CNBC's Robert Frank reports on new data on income inequality and how it has affected the top one percent of the U.S. over the past 10 years. » Read More
Halsey Minor co-founded CNet and has filed for Chapter 7 liquidation, reports CNBC's Robert Frank. His liabilities were listed as $50-$100 million and his assets between $10-$50 million.
Do Americans work too hard? The U.S. is the only nation that doesn't guarantee paid vacations or holidays. Cali Williams Yost, CEO and founder of Work + Life Fit, offers insight.
Consider any information posted online to be public when it comes to your tax return, reports CNBC's Jackie DeAngelis.
Rep. Kevin Yoder (R-KS) shares his reaction to news the IRS targeted conservative groups. "Americans are expecting Congress and the Federal Government to get to the bottom of this, and to make sure this never happens again," he says.
When singer-songwriter Lauryn Hill recorded her Grammy-winning album, she had no idea the money would ultimately put her behind bars, reports CNBC's Robert Frank.
CNBC's Rick Santelli has the latest numbers on the economy and its impact on the markets, with CNBC's Steve Liesman.
Citi shareholders voted to approve CEO Mike Corbat's $11.5 million pay package, reports CNBC's Kayla Tausche. Investors also grilled executives about breaking up the bank.
President Barack Obama's budget plan would change how increases in Social Security benefits are calculated. Experts say that could be devastating to recipients who need cost-of-living adjustments to survive.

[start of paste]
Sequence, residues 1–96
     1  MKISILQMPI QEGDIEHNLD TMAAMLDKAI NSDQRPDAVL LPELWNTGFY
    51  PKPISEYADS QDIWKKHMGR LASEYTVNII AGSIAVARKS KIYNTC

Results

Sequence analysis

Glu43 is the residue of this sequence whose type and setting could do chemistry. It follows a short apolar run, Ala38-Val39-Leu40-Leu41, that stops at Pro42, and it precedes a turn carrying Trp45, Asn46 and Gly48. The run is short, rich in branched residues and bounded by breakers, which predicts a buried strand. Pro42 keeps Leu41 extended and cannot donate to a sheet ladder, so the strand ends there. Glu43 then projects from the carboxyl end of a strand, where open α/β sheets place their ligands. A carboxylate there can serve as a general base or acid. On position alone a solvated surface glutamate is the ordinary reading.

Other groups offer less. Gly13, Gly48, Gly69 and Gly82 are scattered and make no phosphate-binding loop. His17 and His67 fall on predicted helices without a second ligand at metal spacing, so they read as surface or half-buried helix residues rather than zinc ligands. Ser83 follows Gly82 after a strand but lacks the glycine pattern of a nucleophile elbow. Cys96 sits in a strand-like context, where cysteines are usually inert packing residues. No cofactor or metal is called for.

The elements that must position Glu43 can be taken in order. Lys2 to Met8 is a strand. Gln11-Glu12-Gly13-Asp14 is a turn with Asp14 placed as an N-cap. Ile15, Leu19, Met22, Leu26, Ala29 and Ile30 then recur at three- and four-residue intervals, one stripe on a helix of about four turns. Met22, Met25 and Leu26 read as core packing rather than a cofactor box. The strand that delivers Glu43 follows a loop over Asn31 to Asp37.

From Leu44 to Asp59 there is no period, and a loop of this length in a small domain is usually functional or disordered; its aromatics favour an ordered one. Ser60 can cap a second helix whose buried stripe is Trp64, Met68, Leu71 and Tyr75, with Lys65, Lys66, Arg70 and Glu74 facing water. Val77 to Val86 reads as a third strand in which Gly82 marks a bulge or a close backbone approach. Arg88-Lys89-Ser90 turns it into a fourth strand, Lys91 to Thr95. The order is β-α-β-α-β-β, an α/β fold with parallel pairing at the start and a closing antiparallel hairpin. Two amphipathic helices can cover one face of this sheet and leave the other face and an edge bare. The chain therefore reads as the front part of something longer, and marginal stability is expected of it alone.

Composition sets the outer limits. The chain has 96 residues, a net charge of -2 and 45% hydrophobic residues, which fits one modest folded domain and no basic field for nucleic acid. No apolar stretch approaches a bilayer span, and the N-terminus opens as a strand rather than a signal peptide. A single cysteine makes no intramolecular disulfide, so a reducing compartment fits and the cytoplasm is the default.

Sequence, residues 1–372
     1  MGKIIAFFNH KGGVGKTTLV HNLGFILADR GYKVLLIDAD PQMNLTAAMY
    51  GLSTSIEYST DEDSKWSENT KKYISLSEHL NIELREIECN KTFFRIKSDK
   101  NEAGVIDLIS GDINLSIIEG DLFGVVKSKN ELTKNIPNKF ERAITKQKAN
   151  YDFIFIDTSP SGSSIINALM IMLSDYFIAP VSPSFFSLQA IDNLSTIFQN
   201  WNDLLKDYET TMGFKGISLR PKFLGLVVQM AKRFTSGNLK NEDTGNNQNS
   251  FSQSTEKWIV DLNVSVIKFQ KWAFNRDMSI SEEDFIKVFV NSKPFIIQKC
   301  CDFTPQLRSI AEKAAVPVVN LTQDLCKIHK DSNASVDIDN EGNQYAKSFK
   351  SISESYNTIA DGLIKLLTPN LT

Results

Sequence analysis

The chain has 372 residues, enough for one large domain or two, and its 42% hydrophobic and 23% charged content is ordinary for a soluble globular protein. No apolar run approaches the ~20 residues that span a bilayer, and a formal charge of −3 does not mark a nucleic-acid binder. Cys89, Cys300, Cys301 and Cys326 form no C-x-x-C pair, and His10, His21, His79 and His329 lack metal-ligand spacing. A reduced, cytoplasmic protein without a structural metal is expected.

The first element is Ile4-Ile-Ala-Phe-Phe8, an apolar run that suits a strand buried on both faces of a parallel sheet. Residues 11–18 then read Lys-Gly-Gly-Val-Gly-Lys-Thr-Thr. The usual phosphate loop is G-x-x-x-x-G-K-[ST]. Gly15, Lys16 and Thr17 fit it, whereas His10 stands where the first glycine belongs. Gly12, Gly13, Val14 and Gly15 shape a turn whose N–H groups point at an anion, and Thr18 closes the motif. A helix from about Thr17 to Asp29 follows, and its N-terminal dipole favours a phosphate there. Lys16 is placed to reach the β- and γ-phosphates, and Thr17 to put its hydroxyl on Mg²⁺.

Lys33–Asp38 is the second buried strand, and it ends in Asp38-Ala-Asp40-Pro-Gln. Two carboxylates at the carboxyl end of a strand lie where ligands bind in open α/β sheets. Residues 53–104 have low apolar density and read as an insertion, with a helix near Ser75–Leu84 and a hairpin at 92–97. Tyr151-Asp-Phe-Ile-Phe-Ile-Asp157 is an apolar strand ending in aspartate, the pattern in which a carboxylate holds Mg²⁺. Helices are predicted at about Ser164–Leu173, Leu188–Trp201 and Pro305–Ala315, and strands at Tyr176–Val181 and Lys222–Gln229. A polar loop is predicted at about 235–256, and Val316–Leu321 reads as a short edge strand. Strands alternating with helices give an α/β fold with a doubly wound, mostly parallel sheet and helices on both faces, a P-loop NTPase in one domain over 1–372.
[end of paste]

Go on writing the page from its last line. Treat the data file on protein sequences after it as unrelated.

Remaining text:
Despite changes to the alternative minimum tax rules, millions will still have to pay it and the number of obligated taxpayers will keep growing.
About half of the population 85 and older have some sort of impairment that makes managing with finances difficult.
CNBC's Rick Santelli breaks down the latest economic data on income and spending, and discusses what it indicates about the economy and its impact on the markets, with CNBC's Steve Liesman.
Americans under 35 are carrying substantially less debt than they were before the 2008 meltdown, according to an analysis released Thursday by The Pew Research Center. Yet they've also put off the big ticket purchases.
New data show uneven benefits from the economic recovery of 2010-11, with a big rise for the highest earners and little change for others. The New York Times reports.
CNBC's Rick Santelli breaks down the data on unemployment, consumer spending, and personal income. And, CNBC's Steve Liesman explains what it indicates about the U.S. economy and its impact on the markets.
Countries that are most popular with retirees have great climates and low costs of living. One country like this is Ecuador. Read ahead to find out more and see if it’s the retirement destination for you.
In the last several years, hundreds of would-be finance professionals and management consultants have taken their high-powered ambitions and spreadsheet modeling skills to the classroom, the NYT reports.
Sharon Epperson looks at some ways you can earn extra cash to help offset higher payroll taxes. (1:03)
A recent study found kids may not need all four years of school to get ahead. Some students who received two-year degrees earned more than their four-year counterparts. Whoa, does Ferris Bueller know about this?!
Retirees are ditching government bonds and demanding riskier assets.
So-called "involuntary part-time workers" are an example of some of the stubborn pockets of weakness that remain in the labor market even as the jobs picture improves very slowly.